Monday, April 23, 2012


Back to list format, for summarizing the weekend, and rainy Monday and all:

2 x 9km runs. Pretty much the same route both times. Yes, there was some walking involved. No, the weather was not great. Yes, I was tired and happy at the end.

One book read: "The Forgotten Affairs of Youth" by one Alexander McCall Smith. I loved that I read it after I got married, because in it, (*spoiler alert*) Isabel and Jamie finally go through with their wedding. They have no guests outside of their housekeeper and their infant son. Later, after they have dinner at home, they put on music and dance by themselves, which is what Mike and I did. I loved the end scene when they did that, and I love that there are people out there who do that, too.
It was my favourite part of the book, and of my own wedding.

Babysitting accomplishments: Took my niece to ballet. Got a coffee, read, and sat outside her dance studio while I waited the compulsory hour. An hour goes faster than I can even fathom anymore.
I literally had just sat down with my coffee, turning my ipod up full blast to drown out the parents ("blah blah blah our cottage") talking to other parents, and other kids, also waiting, presumably for siblings, who were shrieking and running around the corridor of the community centre where the dance studio is, that the hour was up. Noise and all.
Note to parents who are reading this: Your weekend days are my worst nightmare.
I also cooked a full dinner, for my mom and niece and nephew, from scratch, of risotto (yes, I made my own chicken stock. I know. I'm ill) and chicken and shrimp. When my sister got back from the baby shower she'd attended she ate too. It was a nice family dinner.

Blog entry: One. Sunday morning.

Cleaning: the entire bathroom. There are no words.

Weather: Grey all day Saturday. I felt tired and never really woke up, even though my run normally energizes me. Sunday started out grey, but turned to sunshine when my sister came to pick up her winter tires from my condo storage locker.

Noteable food: the from-scratch risotto, with saffron and roasted tomatoes (yes, I've been making everything in my pursuit of bikini season and fitting into all of last years' running gear).
Sunday night dinner--went out with my sister and her friend, to Joey's, the downtown location. It was okay. The washroom in the restaurant is about a half mile underground ( I kid you not).  Had a steak, which I badly needed, and even though we sat by a window that was leaking cold air, we had a great time, good conversation about life, love, happiness. They went on to a movie, I walked home at about 10pm. Went right to bed.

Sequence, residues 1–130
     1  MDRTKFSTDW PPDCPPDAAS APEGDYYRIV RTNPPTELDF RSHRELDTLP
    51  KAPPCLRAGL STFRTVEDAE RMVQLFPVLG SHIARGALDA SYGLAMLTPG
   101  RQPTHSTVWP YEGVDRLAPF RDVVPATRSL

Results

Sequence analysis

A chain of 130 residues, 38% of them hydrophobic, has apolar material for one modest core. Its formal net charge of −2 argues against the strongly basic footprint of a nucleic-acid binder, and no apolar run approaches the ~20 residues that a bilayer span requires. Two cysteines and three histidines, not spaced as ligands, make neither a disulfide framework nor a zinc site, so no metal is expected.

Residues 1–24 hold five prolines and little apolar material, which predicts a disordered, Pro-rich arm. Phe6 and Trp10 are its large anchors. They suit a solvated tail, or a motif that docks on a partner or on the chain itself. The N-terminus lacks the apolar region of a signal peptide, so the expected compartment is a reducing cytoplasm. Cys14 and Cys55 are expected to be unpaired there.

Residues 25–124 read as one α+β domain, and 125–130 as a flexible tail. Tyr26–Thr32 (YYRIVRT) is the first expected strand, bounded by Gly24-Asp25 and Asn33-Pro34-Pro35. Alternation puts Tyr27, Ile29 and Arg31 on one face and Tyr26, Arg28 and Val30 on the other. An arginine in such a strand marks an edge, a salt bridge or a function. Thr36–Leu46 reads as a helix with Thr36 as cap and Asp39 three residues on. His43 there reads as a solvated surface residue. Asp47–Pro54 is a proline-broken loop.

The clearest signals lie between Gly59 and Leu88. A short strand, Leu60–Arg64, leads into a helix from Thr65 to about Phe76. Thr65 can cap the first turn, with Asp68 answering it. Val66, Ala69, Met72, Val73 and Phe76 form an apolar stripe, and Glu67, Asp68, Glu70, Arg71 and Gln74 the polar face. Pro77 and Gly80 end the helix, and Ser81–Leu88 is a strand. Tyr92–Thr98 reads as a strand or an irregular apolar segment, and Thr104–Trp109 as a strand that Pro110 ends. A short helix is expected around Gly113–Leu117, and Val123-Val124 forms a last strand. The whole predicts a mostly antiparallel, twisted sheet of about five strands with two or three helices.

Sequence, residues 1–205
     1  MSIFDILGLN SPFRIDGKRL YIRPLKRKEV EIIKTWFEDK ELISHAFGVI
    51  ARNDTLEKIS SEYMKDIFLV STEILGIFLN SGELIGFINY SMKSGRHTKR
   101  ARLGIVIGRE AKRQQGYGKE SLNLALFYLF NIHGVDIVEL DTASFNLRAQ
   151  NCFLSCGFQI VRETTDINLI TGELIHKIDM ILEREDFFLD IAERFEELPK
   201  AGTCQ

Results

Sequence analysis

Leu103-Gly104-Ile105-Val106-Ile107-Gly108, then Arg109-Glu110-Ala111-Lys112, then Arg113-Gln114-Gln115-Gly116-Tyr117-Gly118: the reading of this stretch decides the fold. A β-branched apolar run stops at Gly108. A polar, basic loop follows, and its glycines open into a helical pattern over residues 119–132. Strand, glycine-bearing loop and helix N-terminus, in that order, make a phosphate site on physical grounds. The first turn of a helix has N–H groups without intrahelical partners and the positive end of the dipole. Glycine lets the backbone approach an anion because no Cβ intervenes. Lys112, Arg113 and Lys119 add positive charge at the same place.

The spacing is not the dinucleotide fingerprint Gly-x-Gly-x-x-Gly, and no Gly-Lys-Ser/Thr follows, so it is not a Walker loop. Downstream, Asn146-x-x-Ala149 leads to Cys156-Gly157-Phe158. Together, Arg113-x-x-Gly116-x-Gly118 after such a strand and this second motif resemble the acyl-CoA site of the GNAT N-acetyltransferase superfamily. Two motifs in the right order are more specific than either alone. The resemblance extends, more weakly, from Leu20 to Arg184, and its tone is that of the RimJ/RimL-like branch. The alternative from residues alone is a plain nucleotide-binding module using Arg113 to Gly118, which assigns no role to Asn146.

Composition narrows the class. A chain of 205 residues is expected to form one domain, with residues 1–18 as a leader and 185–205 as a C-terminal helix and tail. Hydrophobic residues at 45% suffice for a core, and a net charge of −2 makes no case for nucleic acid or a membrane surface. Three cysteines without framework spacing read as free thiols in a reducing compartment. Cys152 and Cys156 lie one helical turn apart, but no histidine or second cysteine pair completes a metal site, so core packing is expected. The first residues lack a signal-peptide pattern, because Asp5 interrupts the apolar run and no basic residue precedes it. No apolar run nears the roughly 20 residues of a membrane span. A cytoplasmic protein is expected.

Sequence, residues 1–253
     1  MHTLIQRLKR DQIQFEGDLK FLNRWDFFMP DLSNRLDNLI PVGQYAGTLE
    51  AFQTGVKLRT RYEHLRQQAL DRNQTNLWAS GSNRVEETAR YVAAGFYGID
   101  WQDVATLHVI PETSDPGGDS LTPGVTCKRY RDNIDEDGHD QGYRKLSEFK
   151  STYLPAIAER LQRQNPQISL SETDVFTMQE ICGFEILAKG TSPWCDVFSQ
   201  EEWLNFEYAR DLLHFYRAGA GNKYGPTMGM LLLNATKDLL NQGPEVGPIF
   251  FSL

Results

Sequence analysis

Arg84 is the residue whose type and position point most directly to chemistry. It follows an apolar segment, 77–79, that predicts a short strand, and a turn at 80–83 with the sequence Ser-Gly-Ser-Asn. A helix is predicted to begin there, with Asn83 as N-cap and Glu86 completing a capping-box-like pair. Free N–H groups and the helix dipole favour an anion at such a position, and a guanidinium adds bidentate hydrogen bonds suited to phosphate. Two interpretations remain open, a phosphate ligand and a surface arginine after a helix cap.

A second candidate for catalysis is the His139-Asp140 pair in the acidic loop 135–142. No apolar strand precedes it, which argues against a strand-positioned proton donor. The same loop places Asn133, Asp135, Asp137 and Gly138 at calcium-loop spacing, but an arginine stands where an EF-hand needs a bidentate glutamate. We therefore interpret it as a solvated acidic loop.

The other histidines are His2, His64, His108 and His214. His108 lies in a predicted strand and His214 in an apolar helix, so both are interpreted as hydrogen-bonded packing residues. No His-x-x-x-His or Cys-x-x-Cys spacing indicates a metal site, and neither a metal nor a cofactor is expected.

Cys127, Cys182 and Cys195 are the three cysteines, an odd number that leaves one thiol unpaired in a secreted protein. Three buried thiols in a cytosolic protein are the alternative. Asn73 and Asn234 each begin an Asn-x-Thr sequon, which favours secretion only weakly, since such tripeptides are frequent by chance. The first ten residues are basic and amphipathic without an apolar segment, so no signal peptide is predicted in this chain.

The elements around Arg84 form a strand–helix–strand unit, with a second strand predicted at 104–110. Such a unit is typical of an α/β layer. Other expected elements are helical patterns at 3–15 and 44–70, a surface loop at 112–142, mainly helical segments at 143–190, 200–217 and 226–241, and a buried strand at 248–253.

Missing: hmm. Well, Mike, for one. I talked to him on the phone a number of times, mostly convoluted, as Boston is in the hockey playoffs and had a game Friday night, Saturday afternoon, and Sunday afternoon. So, when that was finally done, and it was about 10pm, he could talk. Yes. Right about the time I'm actually falling asleep (yes, even on the weekend. Keep in mind: Day 8 of a brutal cold). So I really remember nothing of our evening conversations. Frustrating, but I'm buoyed by my upcoming visit.
More missing: My friends. Yes. As in no plans with any of them. My sister and I were talking about this. Since when do you need three weeks notice to plan even the most simplest of evenings? Such is life with small children I guess. It's so tiring for the child-less I have to tell you. I read a blog-rant about this last week and said to myself "Hallejuah".  I was thinking last night, at about 4:30pm, prior to my plans with my sister, not one person I would want to meet for a quick drink would be available right now. Nuts, isn't it? I miss my twenties/early thirties for that reason alone. Someone was always around (mind you I was always working but whatever). Now, it's like a no-mans' land of plans. I also get tired of weeknight plans (I'm banning them) and trekking out to go to someone else's house.
1) I have a nice home too. 2) I like to see the outside world in the form of places I haven't been in a while. And I get that motherhood changes some people beyond recognition--I'm grateful for those who are still themselves and have an identity that far outreaches their role as 'mother'. To those who understand that I don't want to talk about difficult labour and all that jazz. That really, outside the clubhouse: NO ONE does.

On the other hand, the amount of money I've started to save since all my friends have had kids is awesome. No plans=no going out. I went out when Mike was here, though, and I really enjoyed how we could make spur-of-the-moment decisions on where to go.
It's cememted the fact that kids aren't for me.
It's a tough fence to straddle, when I'm being really honest on the blog. I know that there are alot of people I know who read the blog, and I never want them to feel bad. But then I struggle with the real ME, who is child-free and resents when people say "Oh, just HAVE A BABY". And the real me gets real tired of this.
My friend has a theory that there are three things that people simply will not listen to reason on:
their kids, their pets, and their habits (she mentioned smoking specifically, I'm going a step further and lumping all habits in there--be it drinking, staying out late, liking a certain type of place, etc.).
I wholeheartedly agree.

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